Control region vs. complete mtDNA sequence comparisons
presents genotyping results for all samples. A total of 49 putative founding lineages were identified and further analyzed as outlined above. Once again, we put forward herein and below the narrow designation for “a founder lineage” as being present in the sample of the contemporary community at a frequency equal to or greater than 5%, based upon the complete mtDNA genomic sequence for that lineage. illustrates the overall diversity of the non-Ashkenazi (this study) and Ashkenazi 
Jewish founding lineages and their distribution within the various Jewish communities. One X2b Moroccan Jewish putative founding lineage was analyzed using 2 complete mtDNA sequences. One putative founding lineage in Hg T2 was shared by Iraqi and Iranian Jews, and was assessed by two complete mtDNA sequences. Two putative founding lineages (one in Hg H and one in Hg X2e) were shared by Libyan and Tunisian Jews, and were assessed by the same complete mtDNA information. Therefore, the current study yielded a total of 49 novel complete mtDNAs. The detailed phylogenetic tree drawn from the complete mtDNA information is shown in Figure S1
Figure 1 A median joining network representing all founding lineages found among Jewish communities and comprised of the 49 novel complete mtDNA sequences from non-Ashkenazi Jews and the four Ashkenazi lineages previously reported by Behar et al.  (more ...)
For 37 of the 49 putative founding lineages assessed, diagnostic coding region single nucleotide polymorphisms (SNP) (described in Methods
) have been identified (Table S4
). The identifications of such diagnostic coding region SNPs implicate the corresponding samples as belonging to one founding lineage. Often, the inferences obtained from the complete mtDNA sequence paralleled the information from the control region. For example, in Georgian Jews, the presence of the control region haplotype 16067-16355-150-263 suggested the presence of a monophyletic clade HV1a1a1
(the use of italic fonts in a clade name is explained in Material and Methods
) within Hg HV1–an assumption that was confirmed by genotyping three private coding region positions 4227, 4257 and 9554 (), discerned from the complete mtDNA sequences (Table S1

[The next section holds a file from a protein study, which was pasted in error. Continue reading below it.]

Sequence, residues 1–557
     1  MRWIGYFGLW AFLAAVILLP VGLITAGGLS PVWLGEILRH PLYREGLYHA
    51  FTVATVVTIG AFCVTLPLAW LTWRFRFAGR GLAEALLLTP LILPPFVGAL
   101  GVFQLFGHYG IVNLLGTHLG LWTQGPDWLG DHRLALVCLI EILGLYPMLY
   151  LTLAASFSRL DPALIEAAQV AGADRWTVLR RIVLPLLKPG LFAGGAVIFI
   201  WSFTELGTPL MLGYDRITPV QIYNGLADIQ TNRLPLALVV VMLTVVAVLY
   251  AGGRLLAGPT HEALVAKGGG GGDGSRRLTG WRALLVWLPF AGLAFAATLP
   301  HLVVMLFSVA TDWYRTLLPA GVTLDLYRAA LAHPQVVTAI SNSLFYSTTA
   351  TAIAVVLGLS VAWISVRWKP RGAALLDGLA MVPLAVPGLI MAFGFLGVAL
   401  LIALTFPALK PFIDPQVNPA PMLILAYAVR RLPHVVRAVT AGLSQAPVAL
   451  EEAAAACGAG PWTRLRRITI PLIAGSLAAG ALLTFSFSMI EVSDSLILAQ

). One additional Georgian Jewish sample belonged to Hg HV1, but did not share the control region substitutions at 16355 and 150, and also lacked the coding region transitions specific for the HV1a1a1
founder. To the contrary, two mtDNA genomes found among Azerbaijani Jews exactly matched the Georgian founding lineage and indeed were shown to share the identical coding region position variants as well.
Phylogeny networks of the Azerbaijani (a), Georgian (b) and Libyan (c) Jewish case studies.
The remaining 12 putative founding lineages showed a variety of relationships between the control region and complete sequence information within the hierarchy of coding region SNPs (Table S4
). For example, in Cochin Jews, 12 samples were ascertained as belonging to Hg M5a1
, Figure S1
), of which all were considered to belong to a monophyletic clade, as they all shared the first hypervariable segment (HVS-I) haplotype 16223-16257-16519-73-263. However, the two putative diagnostic coding region positions that were examined (4373 and 10589), clustered these samples into two nested groups. All samples shared position 4373, but only 11 of the 12 samples shared position 10589, the remaining one representing the likely ancestral haplotype or a sister lineage within the sub-clade. The Iraqi Jewish mtDNAs within Hg J1 had the hallmark of control region haplotype 16069-16126-16145-16222-16261-73-263-295 and thus was initially considered to belong to Hg J1b. Following complete sequence analysis, it became apparent that the lineage does not share positions 5460 and 13879 with Hg J1b and therefore represents a split on the link from J1 to J1b labeled herein as J1b'e. Two mutations (1733 and 8269), were examined in all 14 samples with the relevant control region motif (Tables S1
and Table S4
). Position 8269 was shared by all of them, suggesting their descent from the same deep J1 branch, while position 1733 turned out not to be in the derived state in 6 samples, but rather all contained the gain of a substitution at position 152, in the second hypervariable segment (HVS-II). Hence, the J1 mtDNA lineages in Iraqi Jews descend from two rather than one founding mothers with a yet not fully resolved location under J1b'e and J1e
). The same pattern repeated itself in Moroccan Jewish Hg H4a1a